Make the most of London

Floating Garden Party

March 24, 2017
Floating Garden Party

A unique London Thames experience - 25th, 26th and 27th May 2017

The Floating Gardens of Westminster coincide with the Chelsea Flower Show between 23rd – 27th May 2017. A cool and contemporary cruise collides with a quintessentially British garden, offering tourists and Londoners alike the best floating garden party in the city.

The fresh, flower-clad vessel will see a City Cruises sightseeing boat transformed into a fragrant paradise. Hundreds of thousands of fresh roses will adorn the ship's exterior and turf will be laid on the inner and outer gardens, creating a typical English countryside garden and a completely unique experience on the River Thames.

The rose-lined top deck pathway will feature a three-tier water centrepiece, creating the gardens coolest hotspot with unparalleled views of London’s skyline. Designed by Amie Bone, who has dressed glitzy London hotels including The Corinthia and the Shangri-La Hotel in The Shard with her fabulous floral expertise, the ship is the first of its kind to sail along the Thames and is the ultimate springtime day out.

Indulge in unlimited bubbles and delicious canapes while a DJ brings the party to life with a live set. You will also take away a goody bag full of floral treats, complete with a plantable ticket to bring the Floating Gardens of Westminster to life at home.


The Floating Gardens of Westminster will depart from Westminster Pier on the 25th, 26th and 27th May 2017 at 12pm, 2.30pm, 5pm and 7.30pm.  Cruise duration c. 90 minutes.


Get your tickets now



Related Links:
Quirky Dining Experiences


Written by Hazel at LondonGuidedWalks.co.uk - Keep in the know with our email newsletter
 

Cake and cocktails? Yes please

March 21, 2017
Cake and cocktails? Yes please


A girly catch-up was well overdue. Since we couldn’t decide between cake and cocktails we decided to head somewhere in Central London that offered both. Having been to the Quarter Bar & Lounge at London Bridge Hotel for cocktails before I was aching to try their afternoon tea. 

We had a booth reserved which gave the feeling of privacy. Champagne or a sparkling cocktail can replace the usual tea offering for an additional £10. We chose the regular afternoon tea and had a couple of cheeky cocktails beforehand.



Our favourite cocktails were the Hipster which had a tequila base, aperol, ginger, passion fruit and super pretty edible flower decorations and a vodka-based apple martini which isn’t even on the menu. The staff were professional, friendly and attentive without being intrusive.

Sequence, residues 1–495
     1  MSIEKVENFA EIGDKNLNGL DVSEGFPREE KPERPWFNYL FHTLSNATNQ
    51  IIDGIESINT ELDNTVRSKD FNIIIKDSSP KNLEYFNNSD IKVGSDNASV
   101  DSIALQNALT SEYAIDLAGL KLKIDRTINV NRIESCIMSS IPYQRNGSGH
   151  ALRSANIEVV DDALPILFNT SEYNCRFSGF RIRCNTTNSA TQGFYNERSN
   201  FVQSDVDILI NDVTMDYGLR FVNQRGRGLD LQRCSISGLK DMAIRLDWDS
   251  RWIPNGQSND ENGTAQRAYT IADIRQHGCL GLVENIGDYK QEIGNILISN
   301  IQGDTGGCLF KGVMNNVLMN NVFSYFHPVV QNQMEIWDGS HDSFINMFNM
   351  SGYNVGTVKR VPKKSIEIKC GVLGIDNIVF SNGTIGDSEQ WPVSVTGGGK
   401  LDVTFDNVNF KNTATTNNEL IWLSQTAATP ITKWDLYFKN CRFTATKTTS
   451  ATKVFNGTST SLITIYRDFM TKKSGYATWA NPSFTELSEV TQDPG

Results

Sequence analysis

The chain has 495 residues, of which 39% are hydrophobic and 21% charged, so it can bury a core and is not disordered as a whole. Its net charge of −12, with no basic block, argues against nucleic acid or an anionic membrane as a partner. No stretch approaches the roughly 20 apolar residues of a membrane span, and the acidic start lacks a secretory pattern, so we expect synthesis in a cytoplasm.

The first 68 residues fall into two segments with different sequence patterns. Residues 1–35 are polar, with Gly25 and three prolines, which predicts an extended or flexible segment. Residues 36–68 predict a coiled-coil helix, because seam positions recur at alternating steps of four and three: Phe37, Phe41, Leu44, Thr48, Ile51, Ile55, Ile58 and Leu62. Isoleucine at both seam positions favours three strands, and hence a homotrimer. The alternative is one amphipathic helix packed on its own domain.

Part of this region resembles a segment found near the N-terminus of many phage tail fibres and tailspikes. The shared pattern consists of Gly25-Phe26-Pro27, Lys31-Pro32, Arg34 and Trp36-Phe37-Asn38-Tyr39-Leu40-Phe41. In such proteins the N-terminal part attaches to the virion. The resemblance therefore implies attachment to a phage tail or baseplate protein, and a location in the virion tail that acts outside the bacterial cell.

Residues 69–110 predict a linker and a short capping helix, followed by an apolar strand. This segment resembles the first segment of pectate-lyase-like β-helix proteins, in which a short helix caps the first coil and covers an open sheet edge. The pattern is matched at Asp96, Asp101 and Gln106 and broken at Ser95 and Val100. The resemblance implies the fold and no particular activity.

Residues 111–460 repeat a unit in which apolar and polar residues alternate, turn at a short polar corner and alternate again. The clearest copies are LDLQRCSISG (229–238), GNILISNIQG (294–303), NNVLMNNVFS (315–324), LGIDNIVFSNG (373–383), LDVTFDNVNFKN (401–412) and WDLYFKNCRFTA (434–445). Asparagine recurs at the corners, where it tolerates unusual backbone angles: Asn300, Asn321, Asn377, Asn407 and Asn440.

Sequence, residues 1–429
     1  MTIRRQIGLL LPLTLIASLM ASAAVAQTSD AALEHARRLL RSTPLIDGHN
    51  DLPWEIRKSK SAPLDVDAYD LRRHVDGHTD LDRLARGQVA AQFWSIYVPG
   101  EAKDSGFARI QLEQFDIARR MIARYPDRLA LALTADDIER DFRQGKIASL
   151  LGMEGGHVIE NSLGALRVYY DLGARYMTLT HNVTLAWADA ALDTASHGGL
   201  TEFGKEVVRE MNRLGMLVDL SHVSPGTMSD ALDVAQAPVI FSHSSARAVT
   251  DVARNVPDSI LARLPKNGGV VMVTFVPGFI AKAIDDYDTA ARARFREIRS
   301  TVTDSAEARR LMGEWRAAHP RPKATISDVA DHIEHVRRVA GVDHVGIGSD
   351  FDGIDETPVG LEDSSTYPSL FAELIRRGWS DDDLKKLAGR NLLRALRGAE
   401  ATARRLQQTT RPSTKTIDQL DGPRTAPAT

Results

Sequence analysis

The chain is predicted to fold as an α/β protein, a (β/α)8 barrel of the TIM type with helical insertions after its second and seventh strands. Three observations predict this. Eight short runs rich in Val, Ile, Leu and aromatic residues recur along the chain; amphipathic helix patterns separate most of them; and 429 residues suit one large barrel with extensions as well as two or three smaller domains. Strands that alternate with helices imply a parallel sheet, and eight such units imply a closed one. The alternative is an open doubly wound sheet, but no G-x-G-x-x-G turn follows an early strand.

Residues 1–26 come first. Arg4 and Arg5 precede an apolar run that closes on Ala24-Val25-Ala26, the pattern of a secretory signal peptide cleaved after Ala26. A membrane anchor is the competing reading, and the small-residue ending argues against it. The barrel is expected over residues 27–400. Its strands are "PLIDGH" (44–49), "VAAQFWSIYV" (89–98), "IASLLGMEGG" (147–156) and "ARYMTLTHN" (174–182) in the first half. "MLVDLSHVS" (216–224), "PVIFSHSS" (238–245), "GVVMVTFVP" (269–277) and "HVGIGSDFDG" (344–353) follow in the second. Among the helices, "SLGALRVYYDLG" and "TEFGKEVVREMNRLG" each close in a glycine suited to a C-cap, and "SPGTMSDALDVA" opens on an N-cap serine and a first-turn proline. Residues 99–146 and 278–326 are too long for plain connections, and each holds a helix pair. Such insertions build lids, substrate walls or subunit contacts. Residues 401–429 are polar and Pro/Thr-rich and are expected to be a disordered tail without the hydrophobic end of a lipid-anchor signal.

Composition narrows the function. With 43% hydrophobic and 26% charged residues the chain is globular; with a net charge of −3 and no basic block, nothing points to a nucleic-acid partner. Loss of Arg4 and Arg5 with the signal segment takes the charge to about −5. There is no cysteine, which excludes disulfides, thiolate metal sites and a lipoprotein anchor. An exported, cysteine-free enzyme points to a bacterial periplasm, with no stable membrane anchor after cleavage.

Sipping our teas (Assam and green) we were presented with our afternoon tea, beautifully presented on an impressive three-tier stainless steel cake-stand.


The finger-sandwich fillings included egg mayonnaise and cress, generously sliced pepper-edged honey-roast ham and wholegrain mayo and double-layered coronation chicken and spring onions. A mini smoked-salmon bagel with cream cheese also accompanied the savouries. All sandwiches are freshly made on the premises and you can really tell.

Two scones; one fruit, one plain followed. They scones are sizeable and hold their shape when bitten into. The accompanying thick cream and homemade strawberry jam is bountiful.



The cakes seemed almost too pretty to eat….almost. The difficulty was which cake to start with. The display consisted of a mini chocolate tartlet, mini macaroons, a vanilla and raspberry delice and a layered triple chocolate delice. The mini chocolate tartlet made it to the top of the hit list and looked especially sophisticated with the phials fruit proudly positioned on top. The pastry is crisp, light and thick enough to hold its shape when bitten into. The chocolate filling is bold and smooth. 



The jelly top of layered vanilla and raspberry delice is packed full of flavour. The mousse was creamy and consistent. The layered triple chocolate delice is especially fun to dive into due to it’s crispy meringue topping. 

We played guess the flavour with the macaroons. Our conclusion: lemon, raspberry, chocolate and a surprising coffee. We had been hoping for a salted caramel. The shells we smooth and crack-free, the texture firm, and the flavours unapologetic. 

 

Example of Quarter Bar & Lounge Afternoon Tea Menu

Choose from a range of teas 

Selection of finger sandwiches e.g. smoked salmon & caper butter on brown bread, egg mayonnaise & mustard cress on white bread, cucumber, sundried tomato paste & dill cream cheese on brown bread (v), honey roast ham, English mustard & rocket salad on white bread 

Homemade plain & fruit scones clotted cream & homemade strawberry jam 

Quarter selection of pastries mini fruit tartlet, bergamot cupcake, mini macaron, layered triple chocolate delice 


Afternoon Tea Prices

Classic Afternoon Tea £25
(see above)

Champagne Afternoon Tea £35